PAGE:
Fixing poor photo exposure

There were so many beautiful views from the windows in our B&Bs in Italy. I wanted to take photos every time I saw a pretty view, but they didn’t look good at all. Now, if I was a professional photographer, with a professional camera and using PhotoShop or Lightroom, I could make every photo perfect. I’m not. I use my smartphone for all my photos. But I have learned a couple of relatively simple things you can do to improve those photos. See my example below where Jim is enjoying breakfast at our B&B and I am in awe of the ancient hill town and church that is the view out the window. I grab my phone and snap a photo and it looks like #1 – I can see Jim and the breakfast table, but the view out the window is completely washed out – overexposed.

Fixing the washed out part

It’s really hard to fixed a washed out photo after the fact. The camera has not captured enough detail. There’s just not much to work with. It’s best to set your camera’s exposure to capture the bright parts best before you take the shot. On your smartphone, it’s easy to do. Just tap the screen at the bright part of the window. At least that’s how you do it on an iPhone. On my Samsung S21 Ultra I need to long press on the spot and then adjust even further by dragging left on the screen. Here’s a little video to show you what I mean:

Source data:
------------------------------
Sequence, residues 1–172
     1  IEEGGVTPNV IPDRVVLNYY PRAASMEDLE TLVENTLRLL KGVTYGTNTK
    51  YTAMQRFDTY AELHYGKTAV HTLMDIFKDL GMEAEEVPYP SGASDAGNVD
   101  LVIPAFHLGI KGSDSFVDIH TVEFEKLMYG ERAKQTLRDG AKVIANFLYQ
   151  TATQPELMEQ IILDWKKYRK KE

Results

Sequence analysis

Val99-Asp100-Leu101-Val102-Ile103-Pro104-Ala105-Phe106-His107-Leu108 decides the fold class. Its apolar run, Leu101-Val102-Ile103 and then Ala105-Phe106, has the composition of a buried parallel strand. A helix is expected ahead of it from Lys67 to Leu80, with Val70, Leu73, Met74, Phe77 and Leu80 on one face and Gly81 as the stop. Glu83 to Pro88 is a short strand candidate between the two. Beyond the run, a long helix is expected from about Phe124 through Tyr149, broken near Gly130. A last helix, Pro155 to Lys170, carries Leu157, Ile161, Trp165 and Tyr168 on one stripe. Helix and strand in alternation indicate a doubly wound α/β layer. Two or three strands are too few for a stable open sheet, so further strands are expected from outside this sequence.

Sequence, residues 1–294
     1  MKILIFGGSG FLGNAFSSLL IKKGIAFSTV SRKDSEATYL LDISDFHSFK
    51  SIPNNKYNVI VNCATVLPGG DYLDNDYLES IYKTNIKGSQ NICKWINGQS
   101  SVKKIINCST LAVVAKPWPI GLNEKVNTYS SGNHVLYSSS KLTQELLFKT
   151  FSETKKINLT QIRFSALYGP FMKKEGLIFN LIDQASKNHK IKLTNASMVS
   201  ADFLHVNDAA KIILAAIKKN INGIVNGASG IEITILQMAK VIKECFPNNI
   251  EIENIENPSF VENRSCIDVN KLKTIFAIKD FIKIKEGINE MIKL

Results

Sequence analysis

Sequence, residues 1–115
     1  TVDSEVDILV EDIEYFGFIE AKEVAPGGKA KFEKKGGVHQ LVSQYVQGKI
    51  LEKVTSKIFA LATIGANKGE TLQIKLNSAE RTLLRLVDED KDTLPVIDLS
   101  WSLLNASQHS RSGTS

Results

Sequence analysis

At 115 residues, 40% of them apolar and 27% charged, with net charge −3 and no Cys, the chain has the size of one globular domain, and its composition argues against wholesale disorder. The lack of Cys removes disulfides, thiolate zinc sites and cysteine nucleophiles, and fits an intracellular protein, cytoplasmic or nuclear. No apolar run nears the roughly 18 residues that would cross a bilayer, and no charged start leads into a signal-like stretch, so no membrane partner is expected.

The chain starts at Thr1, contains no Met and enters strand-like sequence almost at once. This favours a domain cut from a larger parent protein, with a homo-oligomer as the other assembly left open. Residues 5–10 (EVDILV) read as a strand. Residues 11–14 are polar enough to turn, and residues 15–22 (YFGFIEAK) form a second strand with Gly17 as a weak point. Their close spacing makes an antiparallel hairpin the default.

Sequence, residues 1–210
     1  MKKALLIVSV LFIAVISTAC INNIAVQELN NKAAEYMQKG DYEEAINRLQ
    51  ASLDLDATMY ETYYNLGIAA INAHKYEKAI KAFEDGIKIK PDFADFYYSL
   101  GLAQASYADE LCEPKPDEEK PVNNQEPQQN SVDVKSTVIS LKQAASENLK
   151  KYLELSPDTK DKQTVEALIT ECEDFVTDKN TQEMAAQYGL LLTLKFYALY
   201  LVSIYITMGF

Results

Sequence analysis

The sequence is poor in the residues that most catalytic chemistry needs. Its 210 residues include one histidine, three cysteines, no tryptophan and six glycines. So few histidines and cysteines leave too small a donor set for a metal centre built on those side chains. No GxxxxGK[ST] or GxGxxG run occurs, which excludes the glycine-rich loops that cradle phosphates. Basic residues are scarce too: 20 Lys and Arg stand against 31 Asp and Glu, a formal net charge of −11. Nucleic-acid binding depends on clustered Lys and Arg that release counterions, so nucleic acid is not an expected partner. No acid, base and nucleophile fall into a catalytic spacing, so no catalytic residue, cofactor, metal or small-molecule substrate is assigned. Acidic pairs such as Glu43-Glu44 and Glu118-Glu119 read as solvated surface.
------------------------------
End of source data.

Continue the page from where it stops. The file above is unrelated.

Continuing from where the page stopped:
Fixing the dark part

Now I have a nice photo of the view out the window, but Jim and the breakfast table are in the dark. I can use Google Photos editor to fix that. It’s called “Shadows.” I use this feature a lot when I have a photo with people in the shadows but the rest of the photo is ok.

Using the mobile app

  • Open the photo and tap the edit button
  • Scroll thru the bottom list and select “Adjust” – now you see lots of options on the upper row
  • Scroll thru the upper list and select “Shadows”
  • Adjust the slider to increase the number – that increases the light in the shadows without increasing the light in the rest of the photo.
  • When it looks better, tap Done, then Save

Using the computer, web version of Google Photos

  • Open the photo and tap the edit button
  • Choose the adjustments button at top right
  • Click the dropdown arrow next to Light and choose Shadow
  • Drag the slider button to the right until the photo looks better. This increases the light in the shadows without increasing the light in the rest of the photo.
  • Click Done (top right of the photo)

I know this still isn’t perfect. If the shadows were too dark, the lightened shadows will be grainy. The resulting photo probably won’t win any awards, but for purposes of my memories, it’s a lot better than the first original!

Note: if your phone’s camera has a setting for automatic HDR (High Dynamic Range of light) – be sure it is turned on. That helps capture more detail in both the light and dark parts of your photo.

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